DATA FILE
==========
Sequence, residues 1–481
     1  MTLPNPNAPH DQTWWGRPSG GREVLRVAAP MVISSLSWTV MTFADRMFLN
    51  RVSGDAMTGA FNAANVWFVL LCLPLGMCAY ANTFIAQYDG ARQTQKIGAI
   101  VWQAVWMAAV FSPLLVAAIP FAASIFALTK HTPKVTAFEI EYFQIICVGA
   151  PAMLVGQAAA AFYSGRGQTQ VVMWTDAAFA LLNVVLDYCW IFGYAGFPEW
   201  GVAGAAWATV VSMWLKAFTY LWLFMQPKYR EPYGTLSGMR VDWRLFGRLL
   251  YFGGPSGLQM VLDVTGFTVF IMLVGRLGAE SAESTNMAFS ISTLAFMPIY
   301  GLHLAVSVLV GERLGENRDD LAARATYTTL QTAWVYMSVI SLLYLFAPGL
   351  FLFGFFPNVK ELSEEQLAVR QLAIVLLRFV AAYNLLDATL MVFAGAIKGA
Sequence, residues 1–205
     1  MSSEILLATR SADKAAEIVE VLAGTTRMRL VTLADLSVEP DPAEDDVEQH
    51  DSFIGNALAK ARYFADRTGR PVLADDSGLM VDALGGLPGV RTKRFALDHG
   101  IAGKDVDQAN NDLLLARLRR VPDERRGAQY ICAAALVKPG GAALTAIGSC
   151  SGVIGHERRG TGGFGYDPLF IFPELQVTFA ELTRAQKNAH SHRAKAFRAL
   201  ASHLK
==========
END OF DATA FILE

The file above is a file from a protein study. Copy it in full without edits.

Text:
Sequence, residues 1–481
     1  MTLPNPNAPH DQTWWGRPSG GREVLRVAAP MVISSLSWTV MTFADRMFLN
    51  RVSGDAMTGA FNAANVWFVL LCLPLGMCAY ANTFIAQYDG ARQTQKIGAI
   101  VWQAVWMAAV FSPLLVAAIP FAASIFALTK HTPKVTAFEI EYFQIICVGA
   151  PAMLVGQAAA AFYSGRGQTQ VVMWTDAAFA LLNVVLDYCW IFGYAGFPEW
   201  GVAGAAWATV VSMWLKAFTY LWLFMQPKYR EPYGTLSGMR VDWRLFGRLL
   251  YFGGPSGLQM VLDVTGFTVF IMLVGRLGAE SAESTNMAFS ISTLAFMPIY
   301  GLHLAVSVLV GERLGENRDD LAARATYTTL QTAWVYMSVI SLLYLFAPGL
   351  FLFGFFPNVK ELSEEQLAVR QLAIVLLRFV AAYNLLDATL MVFAGAIKGA
Sequence, residues 1–205
     1  MSSEILLATR SADKAAEIVE VLAGTTRMRL VTLADLSVEP DPAEDDVEQH
    51  DSFIGNALAK ARYFADRTGR PVLADDSGLM VDALGGLPGV RTKRFALDHG
   101  IAGKDVDQAN NDLLLARLRR VPDERRGAQY ICAAALVKPG GAALTAIGSC
   151  SGVIGHERRG TGGFGYDPLF IFPELQVTFA ELTRAQKNAH SHRAKAFRAL
   201  ASHLK